Last edited: Jun 21, 2010
  8. philSweet
    Joined: May 2008
    Posts: 2,414
    Likes: 240, Points: 63, Legacy Rep: 1082
    Location: Beaufort, SC and H'ville, NC

    philSweet Senior Member

    You want your watermaker AND your furnature to be gone for three months?
    (and the first thing the mech will say is you have to take it apart before he'll touch it, probably.)

    A new head costs about 80usd on sale. Replace every year or so. How long is your payback on the modular setup.

    Unless it is a small steel hull, it will be expensive to increase the hull strength lost from removing the conventional integrated liner and furnature.

    IMHO, it would be cheaper and probably just as effective to use a conventional build and pay attention to the maintenance requirements as you go. Lord knows how we've suffered maintaining the boats we've ended up with. How, exactly, am I supposed to install 1 inch of keystock when there is only half an inch of shaft between the seal and the coupler? The furniture I'm most interested in removing is my tool boxes.
     
  9. philSweet
    Joined: May 2008
    Posts: 2,414
    Likes: 240, Points: 63, Legacy Rep: 1082
    Location: Beaufort, SC and H'ville, NC

    philSweet Senior Member

    Matt,



    I am sorry for the abrupt post. I'm having connection trouble and lost my first post. Tried a short post to see if it was working, then lost connection before I could edit it to what I'd intended. There's nothing wrong with the idea at all. I and others think its a good and practical thing on steel yachts. The point I wished to make was that the generally hopeless maintainability of most yachts is not due to their construction method so much as their design priorities. All you want is attainable in a traditional interior if it is designed in in the first place. Look at Pacific Seacrafts, to name one example. I tried to PM you, but that didn't work either.
     
  10. Matt Sponer
    Joined: Jul 2009
    Posts: 3
    Likes: 0, Points: 0, Legacy Rep: 10
    Location: Coronado, CA

    Matt Sponer New Member

    Hi Everyone,
    Thank you for your feedback.

    The boat will be made out of aluminum, so the furniture will not need to support the hull.

    What do you guys think of using 80/20 Slotted T to anchor the furniture to the floor? Lengths the 1050 or 1534 extrusion welded to be flush with the floor, maybe two feet apart, and the furniture could be T bolted to that. The advantage of this system is that everything would not need to be made to tight tolerances, and the floor would be flat with no nuts or studs sticking up.

    Are there any corrosion or fabrication nuances to welding 6105-T5 anodized extrusions to the 5xxx aluminum of the boat?

    We plan to use velcro'd fabric for the head liner. And for the walls, this is a little weird, but to further the Kyoto shrine meets industrial future aesthetic-- there is this frosted plexiglass that has bamboo or grass embedded in it. It looks like a shoji screen with silhouettes of a garden on the other side. We were thinking of screwing this plexiglass to the ribs and backlighting it with strips of RGB LEDs. So that we can light the interior with a diffuse glow from the walls, and change the color and intensity. And maybe, on a long boring passage, programming them to match the external environment, in a highly pixelated and diffuse way, so that at anchor there's more green (or brown) on the side of the boat facing land... And experiment with using the LED array to project a large artificial horizon inside the boat, to see if it helps with my wife's seasickness. This is probably better than playing The Sims for a couple weeks on night watch when we run out of books and are tired of listening to the BBC.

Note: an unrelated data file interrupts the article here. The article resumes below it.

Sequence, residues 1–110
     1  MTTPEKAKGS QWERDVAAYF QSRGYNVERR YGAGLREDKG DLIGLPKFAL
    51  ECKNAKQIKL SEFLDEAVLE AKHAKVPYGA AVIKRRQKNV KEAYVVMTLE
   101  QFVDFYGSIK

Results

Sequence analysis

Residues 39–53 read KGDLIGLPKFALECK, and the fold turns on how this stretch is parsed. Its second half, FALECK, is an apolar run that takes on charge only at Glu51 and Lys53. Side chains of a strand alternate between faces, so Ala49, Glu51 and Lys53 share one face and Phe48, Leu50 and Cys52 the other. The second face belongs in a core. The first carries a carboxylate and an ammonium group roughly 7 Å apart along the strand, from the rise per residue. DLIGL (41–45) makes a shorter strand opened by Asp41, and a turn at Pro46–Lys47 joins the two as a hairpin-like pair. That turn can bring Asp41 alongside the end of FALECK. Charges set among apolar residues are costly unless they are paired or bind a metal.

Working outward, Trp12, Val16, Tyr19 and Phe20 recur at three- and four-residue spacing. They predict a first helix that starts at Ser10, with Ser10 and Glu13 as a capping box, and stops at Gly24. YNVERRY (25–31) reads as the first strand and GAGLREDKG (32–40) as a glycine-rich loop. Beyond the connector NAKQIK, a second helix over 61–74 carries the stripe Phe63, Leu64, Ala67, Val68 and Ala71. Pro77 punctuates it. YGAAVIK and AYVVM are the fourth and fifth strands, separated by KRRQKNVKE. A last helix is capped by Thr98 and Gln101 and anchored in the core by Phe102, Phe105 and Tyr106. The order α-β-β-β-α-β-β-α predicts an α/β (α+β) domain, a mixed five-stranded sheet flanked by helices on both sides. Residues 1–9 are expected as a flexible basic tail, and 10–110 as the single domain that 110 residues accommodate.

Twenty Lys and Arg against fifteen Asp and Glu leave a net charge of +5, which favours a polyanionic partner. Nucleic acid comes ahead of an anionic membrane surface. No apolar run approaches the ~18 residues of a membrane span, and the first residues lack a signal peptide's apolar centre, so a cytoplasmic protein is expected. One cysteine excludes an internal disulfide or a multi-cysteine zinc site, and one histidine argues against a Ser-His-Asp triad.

Phil, thanks for coming back with your second message. As far as the head goes, next time we are taking a porta-potti as a backup, so that we don't have to start a completely disgusting plumbing project until we are good and ready. I've long been an admirer of Pacific Seacrafts, but I am going for a level of simple access to systems that's more ugly than not, that's more like a 'polar expedition' boat we met in Cape Town than a yacht. The challenge will be in making it look reasonably good by cloaking it in some kind of future industrial aesthetic. We might fail and it could look like garbage. But I really do want an electrical panel that's in a waterproof enclosure. For example, this afternoon my wife and I were mulling over the pros and cons of completely sealing the cockpit electronics in a laboratory style glove box (with a single rubber glove to operate the buttons inside the case). We won't go that far, but we are tired of replacing 'waterproof' electronic displays in the cockpit that fog up or short out after four or five years, and the goal is to figure out something that protects them better.
     

  11. FAST FRED
    Joined: Oct 2002
    Posts: 4,519
    Likes: 110, Points: 63, Legacy Rep: 1009
    Location: Conn in summers , Ortona FL in winter , with big d

    FAST FRED Senior Member

    This is a very worthwhile endeavor .

    Velcro has limits in G loading, I use wire ties for items that need simple EZ access like a wiring chase.

    No biggie to snip 3 or 4 ties and replace them after the new wiring is installed.

    FF
     
Loading...
Forum posts represent the experience, opinion, and view of individual users. Boat Design Net does not necessarily endorse nor share the view of each individual post.
When making potentially dangerous or financial decisions, always employ and consult appropriate professionals. Your circumstances or experience may be different.